Famous People from Cambridge University

Pepys, Samuel (1633-1703)

Diarist, naval administrator, and MP. He is best known for his diary, kept from 1660 until 1669, which provides a remarkable documentary Of Charles II's London. It was written in Thomas Shelton's system of shorthand, in six volumes, and was first deciphered in 1819.

Samuel Pepys was born on 23rd February 1633 over his father's tailor's shop in Salisbury Court between Fleet Street and The Thames. He moved to Brampton from London because of his health and fears of The Plague (from which several of his brothers died.)

The Pepys family originated from Cottenham although Samuel was born in London, the son of a tailor. One of his relations, Paulina Pepys, was married to Sir Sydney Montagu, which explains the connection between Samuel and Sir Sydney's son.

Pepys lived at Brampton for part of his boyhood and attended the Huntingdon Free School. He became Montagu's secretary in in 1660, after serving him in more minor capacities. He lived for a time in his house in Brampton which he inherited from his uncle and which still stands.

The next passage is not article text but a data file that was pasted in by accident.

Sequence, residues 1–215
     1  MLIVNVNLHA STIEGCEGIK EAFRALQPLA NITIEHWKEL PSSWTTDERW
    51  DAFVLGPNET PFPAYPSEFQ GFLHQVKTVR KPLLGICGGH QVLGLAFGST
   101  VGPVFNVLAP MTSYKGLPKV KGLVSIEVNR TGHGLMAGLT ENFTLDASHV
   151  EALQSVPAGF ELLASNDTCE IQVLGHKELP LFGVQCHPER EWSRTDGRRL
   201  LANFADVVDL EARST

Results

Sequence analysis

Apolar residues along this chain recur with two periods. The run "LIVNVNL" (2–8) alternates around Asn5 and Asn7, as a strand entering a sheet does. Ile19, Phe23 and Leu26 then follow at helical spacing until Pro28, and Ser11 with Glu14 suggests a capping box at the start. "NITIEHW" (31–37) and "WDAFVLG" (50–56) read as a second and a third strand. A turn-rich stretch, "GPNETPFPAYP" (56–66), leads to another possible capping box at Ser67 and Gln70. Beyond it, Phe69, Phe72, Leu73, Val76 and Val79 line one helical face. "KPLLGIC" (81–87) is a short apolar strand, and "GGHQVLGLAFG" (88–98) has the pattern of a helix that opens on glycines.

Pepys career in government began as secretary to Sir Edward Montagu under Charles II after which he was named clerk of the kings ships and a member of the navy board in 1660. By 1686 he was secretary of the Admiralty. His career in the British Navy was not without distinction, but his accomplishments will forever be overshadowed by his famous "Diary."

Pepys' Diary describes, in frank detail, his life and the times during the rule of Charles II between 1660 and 1669. Written in shorthand (due to his failing sight), the undabridged "Diary" was first translated and published between 1819 and 1822.

Pepys was born in London and educated at Cambridge University. He served in Parliament and counted among his friends Sir Issac Newton and Sir Christopher Wren.

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